This year we decided it was important to expose Juniper to a little bit more of her own culture, you know, so she could fully learn to appreciate it ironically. It turns out the totally awesome Dutch Theme Park is just the beginning of the celebration of Dutch culture in Wood's hometown: this past weekend we went to the annual "Tulip Time" festival in Holland, Michigan, a week where tulips line every street in varying shades of vibrant color and you see elderly women checking their mailboxes dressed as nineteenth-century Dutch peasants. At several points throughout the week, the streets are closed and people in Dutch costumes sweep the streets and dance. Despite a lifetime of resentment against the Dutch, Wood's mother bought her Dutch granddaughter the same style of costume she danced in when she was in high school (Isle of Marken). The festival usually drives Wood's step dad to extremes of curmudgeonity, but despite being in the absolute dregs of his third round of chemotherapy, he came with us to enjoy the fine weather and his granddaughter smelling tulips dressed like this:

We decided to start the day with a robust Dutch meal. Now, the only Dutch food I knew before Saturday was the pickled herring and pan-fried livers soaking in maple syrup that my Dutch grandfather frequently slurped down with gusto during my childhood. But for $13.50 I got a mediocre meal of boerenkool stamppot metwurst, groentesope met ballejes, saucizenbroodjes, croquetten and a raisin oliebollen for dessert, served by elderly methodists. One thing I'll say about the Dutch: their food looks exactly the same coming in as it does going out.

We then walked into town, where an appropriate welcome had been prepared for me:

The streets were already filled with Klompen dancers, with their wooden shoes and traditional outfits. The local schools have teams of competitive Dutch dancers much like normal schools have cheerleaders or field hockey teams. The parochial schools even have freshman and j.v. squads. Many of the performers came from homeschooling coalitions. I am so proud of my people. For some of them, even strict fundamentalist private schools are too liberal.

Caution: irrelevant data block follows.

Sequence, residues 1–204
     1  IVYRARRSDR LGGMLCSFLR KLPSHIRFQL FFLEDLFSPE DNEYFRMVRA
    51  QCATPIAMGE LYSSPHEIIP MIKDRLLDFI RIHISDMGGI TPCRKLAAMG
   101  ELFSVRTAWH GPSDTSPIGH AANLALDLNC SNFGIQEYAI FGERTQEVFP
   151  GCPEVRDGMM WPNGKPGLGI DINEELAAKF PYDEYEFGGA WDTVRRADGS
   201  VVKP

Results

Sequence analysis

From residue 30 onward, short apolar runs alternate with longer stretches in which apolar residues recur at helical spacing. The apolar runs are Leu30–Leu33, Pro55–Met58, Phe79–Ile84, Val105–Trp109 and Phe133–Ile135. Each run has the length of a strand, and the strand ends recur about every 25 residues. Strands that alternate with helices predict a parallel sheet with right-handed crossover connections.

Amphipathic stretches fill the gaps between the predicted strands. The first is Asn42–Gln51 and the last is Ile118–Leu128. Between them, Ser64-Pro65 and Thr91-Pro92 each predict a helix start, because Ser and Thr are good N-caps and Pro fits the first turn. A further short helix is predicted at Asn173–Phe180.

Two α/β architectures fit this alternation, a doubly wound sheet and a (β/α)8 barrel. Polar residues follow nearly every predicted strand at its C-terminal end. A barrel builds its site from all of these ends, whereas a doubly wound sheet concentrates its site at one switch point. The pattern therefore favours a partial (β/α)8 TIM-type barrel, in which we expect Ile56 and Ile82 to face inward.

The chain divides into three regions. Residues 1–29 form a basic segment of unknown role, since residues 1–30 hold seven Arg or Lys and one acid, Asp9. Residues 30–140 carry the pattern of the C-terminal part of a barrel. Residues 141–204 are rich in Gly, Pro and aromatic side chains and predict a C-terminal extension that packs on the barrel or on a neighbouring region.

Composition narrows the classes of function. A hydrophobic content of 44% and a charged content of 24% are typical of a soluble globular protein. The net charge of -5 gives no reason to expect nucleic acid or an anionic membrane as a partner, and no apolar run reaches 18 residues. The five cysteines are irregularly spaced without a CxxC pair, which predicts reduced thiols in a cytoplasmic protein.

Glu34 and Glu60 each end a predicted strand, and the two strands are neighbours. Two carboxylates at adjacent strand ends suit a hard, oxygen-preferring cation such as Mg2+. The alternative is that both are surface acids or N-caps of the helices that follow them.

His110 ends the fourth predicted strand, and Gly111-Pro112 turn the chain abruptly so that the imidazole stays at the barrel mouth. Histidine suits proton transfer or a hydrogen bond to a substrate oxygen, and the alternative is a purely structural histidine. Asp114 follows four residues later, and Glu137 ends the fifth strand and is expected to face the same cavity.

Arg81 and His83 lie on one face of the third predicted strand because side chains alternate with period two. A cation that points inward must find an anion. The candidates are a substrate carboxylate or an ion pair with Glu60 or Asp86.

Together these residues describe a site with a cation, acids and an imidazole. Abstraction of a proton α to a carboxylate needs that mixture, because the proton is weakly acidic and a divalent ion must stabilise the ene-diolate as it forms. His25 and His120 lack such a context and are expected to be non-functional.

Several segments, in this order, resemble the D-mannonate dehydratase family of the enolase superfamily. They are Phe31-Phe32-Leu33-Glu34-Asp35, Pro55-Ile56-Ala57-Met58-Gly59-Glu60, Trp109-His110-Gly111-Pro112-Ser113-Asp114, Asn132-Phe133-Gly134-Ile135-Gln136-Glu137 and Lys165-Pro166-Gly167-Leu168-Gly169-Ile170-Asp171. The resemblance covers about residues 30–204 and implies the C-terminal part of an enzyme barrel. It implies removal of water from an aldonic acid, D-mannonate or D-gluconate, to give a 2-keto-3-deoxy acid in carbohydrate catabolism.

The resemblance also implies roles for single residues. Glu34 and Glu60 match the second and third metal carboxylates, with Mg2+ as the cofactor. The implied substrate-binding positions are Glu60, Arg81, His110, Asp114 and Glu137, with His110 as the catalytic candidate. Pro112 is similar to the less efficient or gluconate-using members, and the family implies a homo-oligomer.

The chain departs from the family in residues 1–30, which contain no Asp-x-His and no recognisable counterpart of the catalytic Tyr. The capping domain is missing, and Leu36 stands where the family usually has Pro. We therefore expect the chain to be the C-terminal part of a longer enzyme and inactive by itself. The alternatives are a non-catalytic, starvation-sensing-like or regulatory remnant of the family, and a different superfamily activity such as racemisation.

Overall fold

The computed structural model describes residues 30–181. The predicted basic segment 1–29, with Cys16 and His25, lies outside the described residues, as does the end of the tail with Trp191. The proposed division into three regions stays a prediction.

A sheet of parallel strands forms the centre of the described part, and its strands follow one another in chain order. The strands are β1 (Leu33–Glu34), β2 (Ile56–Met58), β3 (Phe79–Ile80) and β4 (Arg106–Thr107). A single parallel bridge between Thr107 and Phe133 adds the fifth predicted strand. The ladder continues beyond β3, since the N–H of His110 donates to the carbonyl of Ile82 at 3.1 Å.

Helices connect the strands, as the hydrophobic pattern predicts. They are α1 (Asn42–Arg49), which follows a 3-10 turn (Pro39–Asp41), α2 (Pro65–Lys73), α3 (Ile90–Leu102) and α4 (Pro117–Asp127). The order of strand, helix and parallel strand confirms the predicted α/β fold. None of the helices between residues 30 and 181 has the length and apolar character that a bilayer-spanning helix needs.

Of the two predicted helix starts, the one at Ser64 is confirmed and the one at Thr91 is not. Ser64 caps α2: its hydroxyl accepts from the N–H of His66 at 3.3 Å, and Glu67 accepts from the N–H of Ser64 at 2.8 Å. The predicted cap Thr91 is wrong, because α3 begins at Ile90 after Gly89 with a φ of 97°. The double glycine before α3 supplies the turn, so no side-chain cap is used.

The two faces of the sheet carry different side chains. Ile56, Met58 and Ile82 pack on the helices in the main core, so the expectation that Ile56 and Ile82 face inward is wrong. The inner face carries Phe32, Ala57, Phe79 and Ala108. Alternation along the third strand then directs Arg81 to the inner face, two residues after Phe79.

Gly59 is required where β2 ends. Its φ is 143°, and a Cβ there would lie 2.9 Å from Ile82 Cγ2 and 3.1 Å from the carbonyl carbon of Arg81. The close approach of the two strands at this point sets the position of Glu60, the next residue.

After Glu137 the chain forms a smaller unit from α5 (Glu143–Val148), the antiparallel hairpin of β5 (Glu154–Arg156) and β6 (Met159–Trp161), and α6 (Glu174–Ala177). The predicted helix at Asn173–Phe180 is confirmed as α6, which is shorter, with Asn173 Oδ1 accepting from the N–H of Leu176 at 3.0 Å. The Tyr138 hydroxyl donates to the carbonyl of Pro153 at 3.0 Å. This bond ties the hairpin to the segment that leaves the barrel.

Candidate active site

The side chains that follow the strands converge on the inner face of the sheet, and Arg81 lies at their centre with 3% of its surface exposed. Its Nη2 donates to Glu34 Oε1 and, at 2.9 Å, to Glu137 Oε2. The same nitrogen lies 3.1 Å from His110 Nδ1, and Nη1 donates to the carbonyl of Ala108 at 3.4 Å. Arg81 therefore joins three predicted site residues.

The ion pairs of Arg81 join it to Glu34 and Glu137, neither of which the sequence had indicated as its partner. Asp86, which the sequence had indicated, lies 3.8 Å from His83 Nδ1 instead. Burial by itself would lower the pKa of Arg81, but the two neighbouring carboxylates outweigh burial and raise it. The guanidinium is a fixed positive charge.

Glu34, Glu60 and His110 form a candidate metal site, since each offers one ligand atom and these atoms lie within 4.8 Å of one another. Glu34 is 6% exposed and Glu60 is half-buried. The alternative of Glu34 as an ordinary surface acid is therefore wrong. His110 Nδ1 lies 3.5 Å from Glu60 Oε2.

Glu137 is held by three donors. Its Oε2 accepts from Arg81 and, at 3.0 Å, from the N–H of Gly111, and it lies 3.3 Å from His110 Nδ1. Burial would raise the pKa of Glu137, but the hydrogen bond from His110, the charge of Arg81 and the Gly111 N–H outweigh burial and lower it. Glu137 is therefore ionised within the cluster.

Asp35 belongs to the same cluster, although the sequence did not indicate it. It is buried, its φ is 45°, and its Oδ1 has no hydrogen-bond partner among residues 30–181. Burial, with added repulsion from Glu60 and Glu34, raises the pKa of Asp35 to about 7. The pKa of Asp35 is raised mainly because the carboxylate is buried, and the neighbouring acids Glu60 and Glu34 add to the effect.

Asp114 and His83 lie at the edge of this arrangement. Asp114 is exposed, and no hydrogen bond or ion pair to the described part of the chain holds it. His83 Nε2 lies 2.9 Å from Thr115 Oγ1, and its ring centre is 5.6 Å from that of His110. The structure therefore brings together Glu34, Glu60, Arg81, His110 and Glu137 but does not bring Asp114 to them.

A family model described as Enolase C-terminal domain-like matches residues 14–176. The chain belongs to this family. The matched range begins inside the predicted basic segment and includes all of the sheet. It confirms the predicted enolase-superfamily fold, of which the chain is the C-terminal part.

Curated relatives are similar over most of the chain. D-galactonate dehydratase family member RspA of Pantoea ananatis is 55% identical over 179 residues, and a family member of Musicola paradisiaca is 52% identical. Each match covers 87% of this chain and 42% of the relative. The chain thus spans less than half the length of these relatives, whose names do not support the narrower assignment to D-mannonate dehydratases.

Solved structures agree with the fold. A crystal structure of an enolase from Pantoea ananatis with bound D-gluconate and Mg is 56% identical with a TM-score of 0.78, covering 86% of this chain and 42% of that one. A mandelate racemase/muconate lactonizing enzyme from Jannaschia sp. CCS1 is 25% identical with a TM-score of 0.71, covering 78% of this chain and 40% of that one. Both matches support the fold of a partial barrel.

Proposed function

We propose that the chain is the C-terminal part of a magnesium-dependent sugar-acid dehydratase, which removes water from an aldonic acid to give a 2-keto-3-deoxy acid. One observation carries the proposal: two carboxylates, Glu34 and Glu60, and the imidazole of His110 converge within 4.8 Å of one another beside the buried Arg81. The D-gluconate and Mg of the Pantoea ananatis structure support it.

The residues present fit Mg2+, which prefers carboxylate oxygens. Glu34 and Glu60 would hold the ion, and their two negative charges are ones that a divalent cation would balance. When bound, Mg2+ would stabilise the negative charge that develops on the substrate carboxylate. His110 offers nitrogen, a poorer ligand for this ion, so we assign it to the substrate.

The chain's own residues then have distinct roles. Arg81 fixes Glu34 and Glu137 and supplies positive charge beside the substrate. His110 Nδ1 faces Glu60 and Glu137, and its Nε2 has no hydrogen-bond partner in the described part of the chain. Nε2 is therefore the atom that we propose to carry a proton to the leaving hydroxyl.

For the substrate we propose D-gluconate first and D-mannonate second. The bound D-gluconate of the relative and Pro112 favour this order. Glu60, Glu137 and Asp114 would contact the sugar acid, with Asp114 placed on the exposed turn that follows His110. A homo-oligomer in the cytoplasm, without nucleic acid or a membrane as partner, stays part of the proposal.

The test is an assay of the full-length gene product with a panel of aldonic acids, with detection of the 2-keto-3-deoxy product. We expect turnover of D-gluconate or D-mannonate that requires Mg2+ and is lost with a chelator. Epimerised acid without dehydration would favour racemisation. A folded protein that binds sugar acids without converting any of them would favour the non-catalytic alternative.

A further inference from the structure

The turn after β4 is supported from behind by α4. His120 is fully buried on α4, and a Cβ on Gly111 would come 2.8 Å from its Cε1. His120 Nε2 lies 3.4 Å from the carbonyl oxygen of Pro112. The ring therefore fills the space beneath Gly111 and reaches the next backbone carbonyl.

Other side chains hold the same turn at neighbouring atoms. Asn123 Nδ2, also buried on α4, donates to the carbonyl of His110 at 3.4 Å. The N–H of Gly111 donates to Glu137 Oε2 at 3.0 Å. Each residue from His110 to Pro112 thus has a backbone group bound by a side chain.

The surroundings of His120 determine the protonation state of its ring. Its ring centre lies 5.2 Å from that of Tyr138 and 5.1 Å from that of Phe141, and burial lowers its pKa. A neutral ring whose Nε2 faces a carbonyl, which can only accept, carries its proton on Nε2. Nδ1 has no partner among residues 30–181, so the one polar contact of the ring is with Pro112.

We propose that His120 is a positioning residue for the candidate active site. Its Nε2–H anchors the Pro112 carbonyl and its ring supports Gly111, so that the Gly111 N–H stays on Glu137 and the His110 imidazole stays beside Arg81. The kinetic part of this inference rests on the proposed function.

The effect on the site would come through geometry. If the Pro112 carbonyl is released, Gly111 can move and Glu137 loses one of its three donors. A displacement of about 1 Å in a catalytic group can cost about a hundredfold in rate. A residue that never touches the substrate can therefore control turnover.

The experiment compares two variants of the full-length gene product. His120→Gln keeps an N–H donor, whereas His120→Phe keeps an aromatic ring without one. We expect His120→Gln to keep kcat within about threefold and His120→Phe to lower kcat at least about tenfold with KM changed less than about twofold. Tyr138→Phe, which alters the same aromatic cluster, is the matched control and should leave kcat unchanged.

I know what you're thinking: this dude is totally wearing a wig. Nobody looks like that much like the kid on the paint can in real life! But that hair is very real. . . and she does.

This poor girl is thinking: "Man, I just know that asshole is going to make fun of my boyfriend on his blog. . ." I do think this dance move is exactly how Wood was tricked into touching her first penis.

Just as I was taking this picture of how pretty some Dutch men are, the wooden shoe this fellow was wearing went flying and hit some old lady in her eye. That was the highlight of my week.

I think the Mennonites come to Tulip Time just so they can look at all the Dutch people and say, "Jeez, check out all the weirdos!"

This girl is also wearing the Isle of Marken traditional costume. When I showed Juniper this picture, she said, "That's Juney when she's a big girl?" And I responded, "Only if I spend the next fifteen years feeding you a steady diet of fundamentalist Calvinism and saucizenbroodjes. Only then will you have the excuse to be this surly when I dress you up in that costume."

You know those signs from the old days that said,"No Irish Need Apply"? "No Wooden Shoes" is the modern-day equivalent for my people. And expecting you to buy something in order to use the toilet? How could they be so cruel?